The Rain article says raindrops reach a terminal velocity between 2 m/s and 9 m/s, which is between 4.47 MPH and 20.13 MPH. The elevators travel at 10 MPH, which -is- within this range, but only a very specifically sized raindrop, which is a bit like saying a human can run as fast as a cheetah because it can match it's speed up to 20 or so mph. I'll take it out. (talk) 17:13, 4 January 2008 (UTC)[reply]

Earthquake Resistance[edit]

"It is built to withstand winds of up to 200 mph (320 km/h) and earthquakes up to 9.5 magnitude". We definitely need a citation for the seismic comment. I can find only the first part in the references (see below). The name of the design engineer should also be in there - John Minasian. It would be wrong to write that the architects themselves designed it to resist any sort of force. I must say, however, that I find it unlikely that the Space Needle was actually good (as originally designed) for such high levels of earthquake, although I could be wrong. I remember hearing something about a seismic retrofit in recent years, which would seem to reflect this, although I cannot find anything on the web about it, and it may have been disguised as part of an upgrade (hearsay). It has become increasingly clear in recent years that the US building codes are not adequate for the design of tall buildings (see latest report from CTBUH). This is not to say that all tall buildings designed to code are necessarily sub-standard, but there is probably a need to reassess some of them. This is particularly true in places like Seattle where the seismic risk is significantly higher than originally assessed.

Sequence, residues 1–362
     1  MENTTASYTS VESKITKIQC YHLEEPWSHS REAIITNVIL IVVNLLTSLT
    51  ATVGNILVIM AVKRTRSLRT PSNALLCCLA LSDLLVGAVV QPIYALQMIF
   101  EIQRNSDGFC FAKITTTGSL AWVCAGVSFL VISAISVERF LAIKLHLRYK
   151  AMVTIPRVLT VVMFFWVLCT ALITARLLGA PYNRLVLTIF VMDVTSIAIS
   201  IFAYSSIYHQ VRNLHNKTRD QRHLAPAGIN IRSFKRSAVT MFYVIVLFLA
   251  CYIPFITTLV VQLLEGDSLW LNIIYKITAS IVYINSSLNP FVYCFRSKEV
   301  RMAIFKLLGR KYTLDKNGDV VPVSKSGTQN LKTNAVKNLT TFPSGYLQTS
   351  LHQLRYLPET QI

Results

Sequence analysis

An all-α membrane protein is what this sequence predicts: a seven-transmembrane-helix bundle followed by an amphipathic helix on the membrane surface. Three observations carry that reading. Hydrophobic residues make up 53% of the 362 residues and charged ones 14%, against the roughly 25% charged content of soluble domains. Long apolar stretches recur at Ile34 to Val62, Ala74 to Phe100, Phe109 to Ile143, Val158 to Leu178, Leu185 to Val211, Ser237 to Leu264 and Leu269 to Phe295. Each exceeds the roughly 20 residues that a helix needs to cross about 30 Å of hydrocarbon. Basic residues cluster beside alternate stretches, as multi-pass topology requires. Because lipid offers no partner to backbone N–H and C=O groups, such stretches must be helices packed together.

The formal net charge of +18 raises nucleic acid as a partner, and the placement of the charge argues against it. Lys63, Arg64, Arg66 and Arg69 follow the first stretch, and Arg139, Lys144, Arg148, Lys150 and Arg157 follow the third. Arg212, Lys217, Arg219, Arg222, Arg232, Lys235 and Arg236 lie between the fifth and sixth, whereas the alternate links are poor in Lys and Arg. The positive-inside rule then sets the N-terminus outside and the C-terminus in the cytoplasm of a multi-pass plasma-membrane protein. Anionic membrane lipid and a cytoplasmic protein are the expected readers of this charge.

I propose to remove the reference to it being able to resist a 9.5 magnitude earthquake unless someone can come up with a reference. The websites that I can find make reference to it being designed to twice the force levels specified in the 1962 Building Code, and I propose to insert that instead.

I have added the name of John Graham and Company as architect since this is stated in two references. I have not removed the reference to Victor Steinbrueck, although it is not supported by any citation. If a citation is not added in the near future, then I propose removing the statement that "Victor Steinbrueck really designed the Space Needle", since this is not NPOV. Comments welcome.

Some additional references on the web:

--Muchado (talk) 04:51, 5 May 2008 (UTC)[reply]

Radiotechnical installations[edit]

What kind of radiotechnical equipment carries or carried the tower? —Preceding unsigned comment added by (talk) 10:54, 12 June 2008 (UTC)[reply]

None. The article states that the tower isn't used for broadcasting. —QuicksilverT @ 03:58, 11 February 2009 (UTC)[reply]